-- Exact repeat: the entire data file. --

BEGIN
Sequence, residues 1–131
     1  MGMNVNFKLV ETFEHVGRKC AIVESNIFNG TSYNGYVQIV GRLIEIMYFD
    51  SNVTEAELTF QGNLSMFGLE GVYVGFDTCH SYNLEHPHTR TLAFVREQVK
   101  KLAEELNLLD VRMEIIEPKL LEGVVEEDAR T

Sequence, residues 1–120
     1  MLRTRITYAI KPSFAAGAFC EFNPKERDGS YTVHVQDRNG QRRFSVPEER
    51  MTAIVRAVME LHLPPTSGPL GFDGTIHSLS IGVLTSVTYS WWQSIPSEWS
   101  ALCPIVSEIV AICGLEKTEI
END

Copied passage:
Sequence, residues 1–131
     1  MGMNVNFKLV ETFEHVGRKC AIVESNIFNG TSYNGYVQIV GRLIEIMYFD
    51  SNVTEAELTF QGNLSMFGLE GVYVGFDTCH SYNLEHPHTR TLAFVREQVK
   101  KLAEELNLLD VRMEIIEPKL LEGVVEEDAR T

Sequence, residues 1–120
     1  MLRTRITYAI KPSFAAGAFC EFNPKERDGS YTVHVQDRNG QRRFSVPEER
    51  MTAIVRAVME LHLPPTSGPL GFDGTIHSLS IGVLTSVTYS WWQSIPSEWS
   101  ALCPIVSEIV AICGLEKTEI